Argentine police to probe own alleged anti-Semitism

BUENOS AIRES — The Argentine government has announced the creation of a special police unit that will investigate charges of police involvement in anti-Semitic attacks.

The recent move came after harsh criticism by the Argentine Jewish community, which has alleged police complicity in recent attacks on Jewish targets.

Ruben Beraja, president of the Argentine Jewish umbrella organization DAIA, said community leaders suspect that police were involved in October's desecration of a Jewish cemetery near Buenos Aires and in November's failed bombing of the Jewish Ezrah Hospital in the capital.

The creation of the special police unit was announced by Buenos Aires Province Security Secretary Eduardo De Lazzari after he met with top police officials. Beraja and Oscar Hansman, president of the Argentine Mutual Aid Association, or AMIA, another Jewish group, also attended.

Creation of the force "shows that there is no animosity against the Jewish community among policemen," De Lazzari said.

"We shall enforce the anti-discrimination laws and will show that the Buenos Aires police force is against any form of bigotry."

Beraja welcomed the decision to create the investigative unit but said police officials are only "just admitting that there is a problem."

In October, 100 graves were desecrated in the Jewish cemetery of La Tablada.

Scores of headstones were smashed or spray-painted with swastikas, and the vandals painted a large sign reading "The Holocaust is a Jewish Hoax" on a wall.

Days after the incident, two men were arrested while painting anti-Semitic graffiti just outside the cemetery.

The arrests were hailed at first as proof of the government's resolve to curb racist acts, but suspicions were soon raised.

In a recent front-page story, the local newspaper Pagina 12 said that "the two arrested were police informers paid to take the rap."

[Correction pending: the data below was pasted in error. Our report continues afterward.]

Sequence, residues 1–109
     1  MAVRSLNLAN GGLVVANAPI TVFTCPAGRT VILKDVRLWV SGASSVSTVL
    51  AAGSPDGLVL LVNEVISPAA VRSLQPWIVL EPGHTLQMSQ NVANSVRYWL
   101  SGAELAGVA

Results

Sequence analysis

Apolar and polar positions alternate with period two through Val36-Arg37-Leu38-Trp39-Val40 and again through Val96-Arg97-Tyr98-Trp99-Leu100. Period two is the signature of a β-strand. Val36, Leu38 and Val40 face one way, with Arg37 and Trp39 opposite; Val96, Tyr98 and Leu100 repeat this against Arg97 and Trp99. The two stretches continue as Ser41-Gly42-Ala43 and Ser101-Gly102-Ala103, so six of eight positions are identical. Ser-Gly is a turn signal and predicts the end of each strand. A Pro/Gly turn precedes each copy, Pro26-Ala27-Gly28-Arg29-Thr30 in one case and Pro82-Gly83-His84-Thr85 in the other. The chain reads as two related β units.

According to the newspaper, the arrests "were a set-up by two policemen eager to earn a promotion."

The two policemen were later charged with perjury and arrested, Pagina 12 reported.

An irate Beraja said the Jewish community found out about the incident "only through the media."

The government "kept it a secret," he said. "This incident breaks the trust we should have in our government. It is sickening to find out that policemen paid people to paint swastikas on a wall."

Beraja accused Argentine Interior Minister Carlos Corach, who is Jewish, "of not informing us."

According to Jewish officials, an anti-Semitic group that includes federal police officials was responsible for placing a bomb at the doorstep of the hospital in November.

The bomb did not explode and was removed by a police bomb squad.

Tensions between Argentine Jews and government officials have flared since two fatal bombings in the past several years of the Israeli embassy in Buenos Aires and the AMIA headquarters.

Both cases remain unresolved, and local Jews suspect either police involvement or lack of efforts to find the culprits.